Estate agent fined £30,000 after failing to tell buyers about Grenfell Tower type cladding

A prominent firm of local estate agents has been fined £30,000 after failing to tell buyers “critical information” about the property’s Grenfell Tower style cladding until after the sale.

Haslams, in Reading, Berkshire, did not tell the purchasers of a flat that the building was covered in high-flammable cladding.

The new owners found out 30 minutes after collecting the keys.

The firm was fined by Reading magistrates after a Trading Standards investigation.

This revealed that Haslams accepted an offer on the flat in Kings Road, close to the centre of Reading, in October 2017. Haslams had been instructed to market the flat by Savills on behalf of the owner.

The following month, an inspection of the building found that the cladding contained aluminium composite material.

The material is similar to that which had been used on Grenfell Tower where 72 people died in June 2017.

Haslams was sent the results of the inspection of the Kings Road building on the same day (November 3, 2017) as the inspection, and before exchange of contracts.

However, the lettings team, which has let several flats in the building and which received the information, did not share the information with the sales team.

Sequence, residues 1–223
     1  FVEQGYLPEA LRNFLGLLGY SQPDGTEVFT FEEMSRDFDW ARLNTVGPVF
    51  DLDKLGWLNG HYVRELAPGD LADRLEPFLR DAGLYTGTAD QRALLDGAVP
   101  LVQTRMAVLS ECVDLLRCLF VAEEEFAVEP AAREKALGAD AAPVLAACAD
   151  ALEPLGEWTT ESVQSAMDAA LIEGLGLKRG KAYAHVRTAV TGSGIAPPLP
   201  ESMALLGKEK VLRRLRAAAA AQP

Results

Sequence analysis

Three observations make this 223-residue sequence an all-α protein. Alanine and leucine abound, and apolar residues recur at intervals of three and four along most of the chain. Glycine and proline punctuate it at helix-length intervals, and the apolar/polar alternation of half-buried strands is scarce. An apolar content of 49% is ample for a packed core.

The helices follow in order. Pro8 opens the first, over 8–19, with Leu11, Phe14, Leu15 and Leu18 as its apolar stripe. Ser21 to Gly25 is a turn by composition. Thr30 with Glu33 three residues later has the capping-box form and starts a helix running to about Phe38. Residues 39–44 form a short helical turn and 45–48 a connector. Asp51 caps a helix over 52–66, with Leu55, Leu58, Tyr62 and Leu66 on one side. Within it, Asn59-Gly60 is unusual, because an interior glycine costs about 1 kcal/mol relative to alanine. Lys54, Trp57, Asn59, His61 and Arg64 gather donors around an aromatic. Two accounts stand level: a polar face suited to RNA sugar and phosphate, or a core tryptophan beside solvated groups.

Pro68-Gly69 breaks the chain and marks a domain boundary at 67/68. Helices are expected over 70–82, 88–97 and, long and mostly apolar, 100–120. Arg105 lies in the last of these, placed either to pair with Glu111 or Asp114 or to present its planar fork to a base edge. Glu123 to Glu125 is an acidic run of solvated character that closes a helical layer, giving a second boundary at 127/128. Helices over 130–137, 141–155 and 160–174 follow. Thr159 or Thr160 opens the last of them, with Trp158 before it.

The inspection led to the fire service recommending that the basement car park be closed due to fears of a vehicle fire spreading to the flats. Residents however remained in their homes.

When news of the Kings Road cladding was made public on November 16, the sales team tried to get instructions from Savills on what to do.

However, the sale completed the following day. The buyers said they would have pulled out of the purchase had they known.

Last night, buyer Jo Sparks told the BBC: “Even if we had found out between exchange and completion, we would still have pulled out.”

The buyers complained to Reading Borough Council’s Trading Standards Team.

Haslams pleaded guilty and at the sentencing hearing the firm cited previous good character and said that the buyers had received some compensation from the firm.

Trading Standards said that the only way that the buyers could have known about the cladding was from Haslams or the seller. It was not, said the council, an issue highlighted by the usual conveyancing searches.

The court was told that Haslams had co-operated with the investigation and that a government scheme was now in place to manage the costs of replacing the cladding.

Cllr Ellie Embersom, of Reading Council, said: “This was an important prosecution which involved a business failing to pass on critical information to a consumer which has understandably caused them a high level of stress and anxiety.

“The council’s Trading Standards team has welcomed Haslams’ response to the investigation and the improvements it has made to prevent it happening again.”

In a statement, the firm told EYE: “Haslams is probably the most trusted estate agency in the area having served the people of Reading for over 180 years.